The Lamplighters crosses genres. It can be read as a mystery, a ghost story, and a psychological thriller. I did find the resolution slightly disappointing, but I’m not going to complain when the book is so compelling and beautifully written. In the end, it’s a story about love and grief and the difficulty in ever truly knowing another person.
With its ambiguities and genre blurring, I do think this is the kind of book that people will either love or hate, but give it a try if you enjoy the likes of Shirley Jackson, Hilary Mantel, Emily St John Mandel and Tana French.
My first completed read of 2022 is The House on the Strand by Daphne du Maurier (1969). I thoroughly enjoyed this book. It reminded me that I really should read more of Du Maurier’s work.
The narrator, Dick Young, finds himself between jobs and borrows his friend Magnus’s ancient house in Cornwall, Kilmarth, while he decides what to do next. In the meantime, Magnus, who is a scientist, persuades Dick to act as a test subject for a drug he is developing which, he claims, allows the user to experience the distant past. Dick takes the drug and does indeed find himself transported back to the fourteenth century where he is able to witness, but not interact with, people who lived in the area at the time. This ‘time travel’ only occurs in the mind of the subject, so while on a trip, Dick is actually wandering around his physical environment, unaware of what’s happening in the present. This is clearly dangerous, but he quickly becomes obsessed with the drama unfolding in the lives of the people he follows in the past and feels compelled to keep on taking the drug. His addiction soon starts to cause problems when his american wife, Vita, and his two stepsons arrive back from the States earlier than expected. The situation esclates, as you might expect; there is a shocking death, violence, and everything eventually culminates in a suitably ambiguous ending.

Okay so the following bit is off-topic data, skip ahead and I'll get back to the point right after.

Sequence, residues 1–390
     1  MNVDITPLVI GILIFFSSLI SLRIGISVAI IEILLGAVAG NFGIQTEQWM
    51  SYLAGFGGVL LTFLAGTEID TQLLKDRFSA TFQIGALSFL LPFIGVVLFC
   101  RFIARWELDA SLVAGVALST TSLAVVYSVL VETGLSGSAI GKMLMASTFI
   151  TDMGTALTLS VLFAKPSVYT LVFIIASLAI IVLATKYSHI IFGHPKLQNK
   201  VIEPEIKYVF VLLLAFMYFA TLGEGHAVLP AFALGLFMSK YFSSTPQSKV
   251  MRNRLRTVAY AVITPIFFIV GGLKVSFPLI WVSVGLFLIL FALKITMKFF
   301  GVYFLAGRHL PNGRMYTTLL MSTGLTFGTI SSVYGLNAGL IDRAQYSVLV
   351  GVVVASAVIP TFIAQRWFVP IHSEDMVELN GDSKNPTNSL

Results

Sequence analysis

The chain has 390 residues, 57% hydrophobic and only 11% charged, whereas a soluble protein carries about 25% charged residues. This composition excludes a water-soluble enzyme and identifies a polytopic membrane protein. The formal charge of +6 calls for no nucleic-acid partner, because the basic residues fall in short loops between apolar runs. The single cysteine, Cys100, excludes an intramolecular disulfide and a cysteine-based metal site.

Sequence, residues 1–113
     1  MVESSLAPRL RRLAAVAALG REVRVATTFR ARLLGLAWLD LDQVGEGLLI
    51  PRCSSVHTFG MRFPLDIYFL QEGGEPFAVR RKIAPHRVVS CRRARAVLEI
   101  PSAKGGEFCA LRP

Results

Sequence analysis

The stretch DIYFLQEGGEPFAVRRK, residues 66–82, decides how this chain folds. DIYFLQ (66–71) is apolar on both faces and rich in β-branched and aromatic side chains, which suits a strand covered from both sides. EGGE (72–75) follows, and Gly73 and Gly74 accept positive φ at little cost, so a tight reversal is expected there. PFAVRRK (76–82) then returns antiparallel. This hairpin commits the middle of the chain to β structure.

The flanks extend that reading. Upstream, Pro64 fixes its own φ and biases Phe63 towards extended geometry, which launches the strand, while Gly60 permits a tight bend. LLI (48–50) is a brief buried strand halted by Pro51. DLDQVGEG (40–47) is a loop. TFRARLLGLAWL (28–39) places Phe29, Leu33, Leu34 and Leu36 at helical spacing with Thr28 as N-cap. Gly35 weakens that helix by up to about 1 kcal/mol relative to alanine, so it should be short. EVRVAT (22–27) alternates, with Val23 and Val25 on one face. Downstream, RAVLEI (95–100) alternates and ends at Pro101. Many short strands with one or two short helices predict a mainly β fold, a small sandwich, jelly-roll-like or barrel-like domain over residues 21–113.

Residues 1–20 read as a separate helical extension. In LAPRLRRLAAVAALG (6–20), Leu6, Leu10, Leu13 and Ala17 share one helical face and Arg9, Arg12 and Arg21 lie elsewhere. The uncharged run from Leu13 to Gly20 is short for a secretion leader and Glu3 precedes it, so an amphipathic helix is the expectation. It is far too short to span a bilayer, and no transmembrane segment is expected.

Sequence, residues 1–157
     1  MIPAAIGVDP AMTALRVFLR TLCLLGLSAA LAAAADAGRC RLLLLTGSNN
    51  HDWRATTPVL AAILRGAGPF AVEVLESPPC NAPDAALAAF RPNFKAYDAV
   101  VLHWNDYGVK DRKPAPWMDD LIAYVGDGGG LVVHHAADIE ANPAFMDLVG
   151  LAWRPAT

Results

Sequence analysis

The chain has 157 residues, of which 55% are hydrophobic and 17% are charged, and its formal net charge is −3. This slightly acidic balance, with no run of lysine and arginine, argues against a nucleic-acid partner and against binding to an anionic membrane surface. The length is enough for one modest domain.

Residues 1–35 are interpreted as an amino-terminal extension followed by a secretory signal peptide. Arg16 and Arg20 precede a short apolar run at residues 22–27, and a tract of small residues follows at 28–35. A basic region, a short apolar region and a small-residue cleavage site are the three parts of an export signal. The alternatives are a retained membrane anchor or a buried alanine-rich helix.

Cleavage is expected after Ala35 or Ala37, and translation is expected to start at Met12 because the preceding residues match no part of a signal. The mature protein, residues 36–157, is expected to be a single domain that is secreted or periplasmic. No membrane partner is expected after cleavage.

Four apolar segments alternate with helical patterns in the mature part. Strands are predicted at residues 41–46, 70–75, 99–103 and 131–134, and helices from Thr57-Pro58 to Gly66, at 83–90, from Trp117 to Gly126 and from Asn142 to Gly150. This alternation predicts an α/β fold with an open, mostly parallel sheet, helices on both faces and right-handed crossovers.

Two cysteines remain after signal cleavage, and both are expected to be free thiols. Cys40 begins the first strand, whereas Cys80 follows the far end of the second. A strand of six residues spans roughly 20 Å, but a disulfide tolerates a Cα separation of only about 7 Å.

The House on the Strand has all the elements that I’ve enjoyed in the other stories by Du Maurier. There is the unreliable narrator. There are elements of the gothic and science fiction. There are strong queer undertones: Magnus is gay and Dick’s relationship with him is far closer than with his bewildered wife. There is a narrative that can be read in at least two completely different ways. Is Dick really time-travelling, or is it all a drug-induced hallucination, a ruse practised on the suggestible mind of a man in denial about his life? There is the unresolved ending, which leaves Dick’s fate up to the reader.
The story can be read as an allegory about addiction and/or repressed sexuality, but I finished The House on the Strand with a feeling that it’s also about being a writer of fiction. Dick’s predicament represents the sense of conflict that being a writer can create between reality and the world of the imagination, where the writer would perhaps prefer to dwell, without finding themselves constantly being pulled back to the demands of ordinary, daily life.